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Transcontinental Railroad
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Transcontinental Railroad

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Transcontinental Railroad

Building west from Omaha after President Abraham Lincoln approved legislation to build a railroad across the frontier, the Union Pacific railroad laid the first tracks of the Transcontinental Railroad on July 10, 1865. Thousands of workers swung hammers and laid rail ties for four years, and on May 10, 1869, the track was complete in Promontory, Utah.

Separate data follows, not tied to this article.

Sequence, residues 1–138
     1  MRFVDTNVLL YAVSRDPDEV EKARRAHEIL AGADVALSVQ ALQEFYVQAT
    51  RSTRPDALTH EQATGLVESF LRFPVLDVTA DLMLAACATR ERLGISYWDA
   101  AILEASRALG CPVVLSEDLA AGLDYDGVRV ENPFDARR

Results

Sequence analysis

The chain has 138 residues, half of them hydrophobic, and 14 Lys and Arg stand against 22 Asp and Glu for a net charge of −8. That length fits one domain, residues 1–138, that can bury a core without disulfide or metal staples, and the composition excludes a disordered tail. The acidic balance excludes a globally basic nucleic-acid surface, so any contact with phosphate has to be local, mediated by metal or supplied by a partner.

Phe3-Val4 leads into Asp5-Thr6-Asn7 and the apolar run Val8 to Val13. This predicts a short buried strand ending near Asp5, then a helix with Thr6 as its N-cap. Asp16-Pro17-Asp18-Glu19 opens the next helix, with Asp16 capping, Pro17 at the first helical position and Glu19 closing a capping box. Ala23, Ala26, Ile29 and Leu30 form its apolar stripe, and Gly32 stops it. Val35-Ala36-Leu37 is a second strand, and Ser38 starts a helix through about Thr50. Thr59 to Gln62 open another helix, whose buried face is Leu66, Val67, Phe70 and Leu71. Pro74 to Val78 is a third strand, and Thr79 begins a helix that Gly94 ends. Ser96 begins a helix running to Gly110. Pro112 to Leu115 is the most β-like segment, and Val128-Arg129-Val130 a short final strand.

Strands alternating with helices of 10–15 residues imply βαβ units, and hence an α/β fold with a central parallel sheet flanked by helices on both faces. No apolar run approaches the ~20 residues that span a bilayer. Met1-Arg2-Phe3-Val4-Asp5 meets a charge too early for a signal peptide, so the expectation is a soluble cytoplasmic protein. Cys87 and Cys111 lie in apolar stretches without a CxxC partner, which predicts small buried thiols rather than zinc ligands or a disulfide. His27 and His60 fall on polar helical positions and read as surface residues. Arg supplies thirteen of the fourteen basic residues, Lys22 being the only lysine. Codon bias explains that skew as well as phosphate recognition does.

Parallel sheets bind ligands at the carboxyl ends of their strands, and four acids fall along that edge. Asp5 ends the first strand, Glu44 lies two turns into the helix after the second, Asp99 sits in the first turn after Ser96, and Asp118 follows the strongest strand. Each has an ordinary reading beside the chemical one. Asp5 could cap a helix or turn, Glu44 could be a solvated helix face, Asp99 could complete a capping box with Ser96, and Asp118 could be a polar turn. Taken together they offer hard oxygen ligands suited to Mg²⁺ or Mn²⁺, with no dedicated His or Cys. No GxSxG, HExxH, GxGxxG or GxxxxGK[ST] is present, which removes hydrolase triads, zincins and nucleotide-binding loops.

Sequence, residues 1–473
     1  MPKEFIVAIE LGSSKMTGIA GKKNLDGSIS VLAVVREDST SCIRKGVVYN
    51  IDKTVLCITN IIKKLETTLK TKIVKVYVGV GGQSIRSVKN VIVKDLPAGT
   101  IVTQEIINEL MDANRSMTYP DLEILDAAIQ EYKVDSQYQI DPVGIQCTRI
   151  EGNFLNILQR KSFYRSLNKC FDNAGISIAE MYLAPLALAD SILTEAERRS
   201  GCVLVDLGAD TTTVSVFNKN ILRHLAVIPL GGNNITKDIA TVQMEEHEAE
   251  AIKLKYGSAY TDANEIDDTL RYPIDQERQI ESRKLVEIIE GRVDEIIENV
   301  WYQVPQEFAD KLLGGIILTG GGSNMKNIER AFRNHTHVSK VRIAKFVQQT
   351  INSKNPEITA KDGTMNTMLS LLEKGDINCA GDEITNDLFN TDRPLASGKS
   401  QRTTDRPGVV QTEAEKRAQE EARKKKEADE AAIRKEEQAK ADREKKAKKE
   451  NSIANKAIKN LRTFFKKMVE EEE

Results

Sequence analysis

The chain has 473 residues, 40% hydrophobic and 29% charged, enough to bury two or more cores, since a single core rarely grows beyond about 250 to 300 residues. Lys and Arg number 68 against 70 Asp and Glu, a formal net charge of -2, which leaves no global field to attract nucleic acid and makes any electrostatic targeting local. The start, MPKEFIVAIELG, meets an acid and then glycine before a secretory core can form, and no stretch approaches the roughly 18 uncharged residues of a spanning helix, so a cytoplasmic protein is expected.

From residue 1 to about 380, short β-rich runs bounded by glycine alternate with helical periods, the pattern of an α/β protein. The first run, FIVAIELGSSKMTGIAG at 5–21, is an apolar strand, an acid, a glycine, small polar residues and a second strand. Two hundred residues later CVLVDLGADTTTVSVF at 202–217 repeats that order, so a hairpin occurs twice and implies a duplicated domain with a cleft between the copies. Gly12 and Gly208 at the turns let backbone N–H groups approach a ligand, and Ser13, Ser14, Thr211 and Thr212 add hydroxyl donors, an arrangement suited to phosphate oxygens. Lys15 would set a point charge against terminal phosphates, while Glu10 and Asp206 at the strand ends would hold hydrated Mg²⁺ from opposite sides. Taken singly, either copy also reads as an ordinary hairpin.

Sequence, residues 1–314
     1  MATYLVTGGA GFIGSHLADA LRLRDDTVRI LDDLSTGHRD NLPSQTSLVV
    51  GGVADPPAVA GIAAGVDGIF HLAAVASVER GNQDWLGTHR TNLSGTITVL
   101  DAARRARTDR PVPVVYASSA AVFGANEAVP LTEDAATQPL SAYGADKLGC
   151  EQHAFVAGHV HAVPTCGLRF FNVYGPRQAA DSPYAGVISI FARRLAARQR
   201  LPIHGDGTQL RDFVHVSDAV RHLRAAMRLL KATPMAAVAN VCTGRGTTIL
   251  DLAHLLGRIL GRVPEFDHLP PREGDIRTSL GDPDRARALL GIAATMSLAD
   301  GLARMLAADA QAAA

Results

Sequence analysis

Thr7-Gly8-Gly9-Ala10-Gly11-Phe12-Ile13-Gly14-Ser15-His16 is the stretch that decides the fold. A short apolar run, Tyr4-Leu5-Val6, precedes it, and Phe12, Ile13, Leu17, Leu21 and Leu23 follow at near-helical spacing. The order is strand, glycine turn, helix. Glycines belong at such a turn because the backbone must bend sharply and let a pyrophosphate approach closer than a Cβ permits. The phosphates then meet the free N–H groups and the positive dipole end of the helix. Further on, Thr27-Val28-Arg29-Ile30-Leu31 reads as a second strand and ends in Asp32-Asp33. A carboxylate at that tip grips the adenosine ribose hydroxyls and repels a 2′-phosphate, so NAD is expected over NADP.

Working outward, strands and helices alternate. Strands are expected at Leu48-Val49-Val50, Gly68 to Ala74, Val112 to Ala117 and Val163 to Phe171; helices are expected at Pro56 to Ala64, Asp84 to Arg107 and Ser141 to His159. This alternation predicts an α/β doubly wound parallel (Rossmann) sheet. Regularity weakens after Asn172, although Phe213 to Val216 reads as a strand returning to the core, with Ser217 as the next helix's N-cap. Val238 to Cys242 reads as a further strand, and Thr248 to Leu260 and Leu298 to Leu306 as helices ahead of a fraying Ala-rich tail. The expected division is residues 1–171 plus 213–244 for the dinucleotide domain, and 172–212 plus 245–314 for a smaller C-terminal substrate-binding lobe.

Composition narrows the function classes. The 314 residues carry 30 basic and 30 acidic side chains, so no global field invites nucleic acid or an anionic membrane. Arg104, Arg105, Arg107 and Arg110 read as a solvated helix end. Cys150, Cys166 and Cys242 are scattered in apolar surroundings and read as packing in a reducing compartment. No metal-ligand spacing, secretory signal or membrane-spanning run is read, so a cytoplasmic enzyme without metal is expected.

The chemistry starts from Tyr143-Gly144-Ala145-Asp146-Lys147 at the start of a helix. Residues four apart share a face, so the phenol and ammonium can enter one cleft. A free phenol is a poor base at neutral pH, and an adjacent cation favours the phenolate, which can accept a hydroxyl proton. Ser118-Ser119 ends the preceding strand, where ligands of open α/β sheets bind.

Cities sprang up across the Plains like those following the ABC Burlington railroad. From Crete westward, towns about eight miles apart were named in alphabetical order -- Crete, Dorchester, Exeter, Fairmont, Grafton, Hastings, Inland, Juniata, Kenesaw and Lowell. The Platte River railroad corridor is still chugging along, with Union Pacific, headquartered in Omaha, and BNSF Railway, the Berkshire Hathaway-owned company. Only two states, Texas and Illinois, have more railroad employees than Nebraska.

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